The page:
The Check Isn’t In the Mail
The latest cybersecurity threat isn’t happening online. It involves paper checks. This year has apparently been a record-breaker when it comes to check fraud, according to the latest data from the Financial Crimes Enforcement Network that’s making its way through the headlines.
The problem has become so much of a headache that the American Bankers Association has been teaming up with the U.S. Postal Service and law enforcement to nip it in the bud. Incidents more than tripled from 2018 to 2022, with fraudsters continually branching out to new schemes, like stealing envelopes containing paper checks out of mailboxes and creating fraudulent checks using Photoshop. Even worse, some of the crooks are employees at the U.S. Postal Service. Regardless, once they get ahold of someone’s account information, it’s easy for them to take over the entire account and create a world of pain for whoever is trying to undo the damage. I know this firsthand. It happens to us at Marcum multiple times a year. Whether it’s my personal account or one of the many business entities I sign checks for, we have attempts to pass fraudulent checks with our account numbers more times a year than I care to admit.
Many younger people didn’t grow up with checks and don’t use them. They probably don’t understand what all of the fuss is about. They may not even know how to write checks, as some of you can probably attest. But a substantial portion of the population still does write checks, if only as a gift to tuck into a greeting card or a payment to a doctor’s office that prefers them. This new push to prevent check fraud could bring the era of checks to an end, except among die-hard fans. Some banks are encountering substantial losses.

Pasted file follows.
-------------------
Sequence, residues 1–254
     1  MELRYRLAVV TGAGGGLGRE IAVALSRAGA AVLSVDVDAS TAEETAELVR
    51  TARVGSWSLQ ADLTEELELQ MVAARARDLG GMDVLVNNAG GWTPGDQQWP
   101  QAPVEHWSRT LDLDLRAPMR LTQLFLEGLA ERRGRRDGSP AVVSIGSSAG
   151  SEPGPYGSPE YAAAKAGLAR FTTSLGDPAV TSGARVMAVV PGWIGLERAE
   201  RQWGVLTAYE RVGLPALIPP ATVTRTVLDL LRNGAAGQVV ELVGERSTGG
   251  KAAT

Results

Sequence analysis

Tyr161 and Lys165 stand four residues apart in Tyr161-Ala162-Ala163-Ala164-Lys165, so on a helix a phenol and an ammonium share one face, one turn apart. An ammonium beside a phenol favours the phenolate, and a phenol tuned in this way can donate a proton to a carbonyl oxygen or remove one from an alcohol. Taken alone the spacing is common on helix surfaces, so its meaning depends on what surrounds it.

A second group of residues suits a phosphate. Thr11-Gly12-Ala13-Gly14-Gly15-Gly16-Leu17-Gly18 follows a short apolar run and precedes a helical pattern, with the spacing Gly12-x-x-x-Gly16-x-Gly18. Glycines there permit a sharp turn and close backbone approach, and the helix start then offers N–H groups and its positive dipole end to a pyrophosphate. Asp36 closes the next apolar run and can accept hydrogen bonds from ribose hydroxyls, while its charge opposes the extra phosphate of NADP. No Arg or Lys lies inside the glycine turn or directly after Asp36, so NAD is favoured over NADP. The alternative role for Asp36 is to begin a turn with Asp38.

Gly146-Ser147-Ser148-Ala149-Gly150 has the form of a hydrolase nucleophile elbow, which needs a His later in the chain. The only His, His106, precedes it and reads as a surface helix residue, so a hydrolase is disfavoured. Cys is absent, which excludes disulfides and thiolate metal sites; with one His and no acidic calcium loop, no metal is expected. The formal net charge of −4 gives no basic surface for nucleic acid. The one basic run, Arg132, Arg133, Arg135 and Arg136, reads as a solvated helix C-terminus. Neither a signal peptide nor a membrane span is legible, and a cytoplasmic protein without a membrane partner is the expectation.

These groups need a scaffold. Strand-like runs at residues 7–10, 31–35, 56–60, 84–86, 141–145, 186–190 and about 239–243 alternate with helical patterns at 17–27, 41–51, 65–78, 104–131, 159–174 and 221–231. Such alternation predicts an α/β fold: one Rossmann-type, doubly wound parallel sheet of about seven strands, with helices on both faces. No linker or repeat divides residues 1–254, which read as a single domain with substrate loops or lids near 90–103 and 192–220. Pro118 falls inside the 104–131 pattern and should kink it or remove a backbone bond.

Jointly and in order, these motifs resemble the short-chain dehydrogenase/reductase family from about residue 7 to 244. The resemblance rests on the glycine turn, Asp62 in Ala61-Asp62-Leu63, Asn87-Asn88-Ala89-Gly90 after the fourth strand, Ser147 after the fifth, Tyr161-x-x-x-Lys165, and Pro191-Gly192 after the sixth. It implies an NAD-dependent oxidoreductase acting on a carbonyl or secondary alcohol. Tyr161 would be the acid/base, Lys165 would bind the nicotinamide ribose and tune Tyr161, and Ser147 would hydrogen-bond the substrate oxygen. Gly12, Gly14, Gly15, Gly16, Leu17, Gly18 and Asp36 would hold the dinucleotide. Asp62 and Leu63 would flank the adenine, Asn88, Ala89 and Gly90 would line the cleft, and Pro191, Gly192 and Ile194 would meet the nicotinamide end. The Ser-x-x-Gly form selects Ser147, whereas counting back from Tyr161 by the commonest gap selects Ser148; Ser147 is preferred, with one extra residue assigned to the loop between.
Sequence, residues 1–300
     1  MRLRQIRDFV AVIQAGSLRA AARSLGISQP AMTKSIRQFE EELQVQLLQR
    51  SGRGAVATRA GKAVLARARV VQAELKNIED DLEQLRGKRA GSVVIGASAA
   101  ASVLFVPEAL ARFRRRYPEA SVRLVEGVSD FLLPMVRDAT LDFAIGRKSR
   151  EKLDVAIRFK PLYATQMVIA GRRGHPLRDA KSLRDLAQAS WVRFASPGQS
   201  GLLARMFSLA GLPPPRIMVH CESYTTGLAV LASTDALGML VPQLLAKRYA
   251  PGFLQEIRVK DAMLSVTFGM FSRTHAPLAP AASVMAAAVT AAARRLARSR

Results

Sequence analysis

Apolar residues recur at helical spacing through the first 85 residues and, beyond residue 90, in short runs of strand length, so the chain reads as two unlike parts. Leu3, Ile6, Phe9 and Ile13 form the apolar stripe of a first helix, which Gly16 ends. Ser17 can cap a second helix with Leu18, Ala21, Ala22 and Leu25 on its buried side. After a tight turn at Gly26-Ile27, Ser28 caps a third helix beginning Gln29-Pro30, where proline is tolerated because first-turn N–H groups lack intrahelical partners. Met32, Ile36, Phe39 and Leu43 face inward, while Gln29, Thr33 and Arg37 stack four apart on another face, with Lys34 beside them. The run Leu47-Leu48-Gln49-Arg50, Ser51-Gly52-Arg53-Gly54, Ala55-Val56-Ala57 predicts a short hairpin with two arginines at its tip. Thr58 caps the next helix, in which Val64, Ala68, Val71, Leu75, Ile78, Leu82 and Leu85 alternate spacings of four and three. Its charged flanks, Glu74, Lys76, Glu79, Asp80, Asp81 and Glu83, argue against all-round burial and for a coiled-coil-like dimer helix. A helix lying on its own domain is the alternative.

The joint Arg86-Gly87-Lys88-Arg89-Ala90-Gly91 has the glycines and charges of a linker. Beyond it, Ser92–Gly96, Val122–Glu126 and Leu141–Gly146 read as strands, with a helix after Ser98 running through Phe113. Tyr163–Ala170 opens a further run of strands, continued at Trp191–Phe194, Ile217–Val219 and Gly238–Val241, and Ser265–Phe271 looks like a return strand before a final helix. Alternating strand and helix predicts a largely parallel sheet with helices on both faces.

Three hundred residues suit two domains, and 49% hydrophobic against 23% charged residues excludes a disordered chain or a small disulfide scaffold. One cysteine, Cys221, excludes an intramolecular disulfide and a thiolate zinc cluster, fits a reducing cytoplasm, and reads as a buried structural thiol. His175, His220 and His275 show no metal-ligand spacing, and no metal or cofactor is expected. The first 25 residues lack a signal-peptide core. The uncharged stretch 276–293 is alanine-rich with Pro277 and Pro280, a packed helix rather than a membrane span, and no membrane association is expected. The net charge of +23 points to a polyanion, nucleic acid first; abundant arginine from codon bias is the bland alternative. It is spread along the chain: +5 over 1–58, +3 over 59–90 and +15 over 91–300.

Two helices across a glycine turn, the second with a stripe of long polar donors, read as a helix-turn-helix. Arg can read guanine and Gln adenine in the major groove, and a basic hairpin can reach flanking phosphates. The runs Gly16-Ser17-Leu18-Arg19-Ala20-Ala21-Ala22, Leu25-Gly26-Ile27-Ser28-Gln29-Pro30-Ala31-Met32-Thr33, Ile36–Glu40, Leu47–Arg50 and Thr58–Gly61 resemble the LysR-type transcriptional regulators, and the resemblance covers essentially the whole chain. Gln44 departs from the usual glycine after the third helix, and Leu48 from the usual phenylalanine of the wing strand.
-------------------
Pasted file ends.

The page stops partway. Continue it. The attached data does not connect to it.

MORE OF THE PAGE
Most of our clients now use electronic payments, but that depends on the industry. And even some electronic pay methods still wind up sending an actual check. Some industries still rely heavily on paper checks, and so do the companies within them. If you’re among them, it’s a good time to review your payment procedures to make sure that you’re protecting yourself from check-related fraud. For our clients who still need to make the transition, we are strongly advising them to work with our tech team to batten down the hatches and transition to digital payments. Digital payments aren’t without fraud, either, but right now, they’re considered safer.
Fraud is a big, global industry, and fraudsters never run out of ideas for making money. But fortunately, it looks like there’s one opponent they haven’t banked on: AI. Banks are saying that AI can detect fraud better than humans in many cases, and they’re starting to put it to work for them. That effort may not root out fraud, but at least it will make it a little less convenient.
On another note, Hanukkah, the Jewish Festival of Lights, ends today. To those who observe, Happy Hanukkah.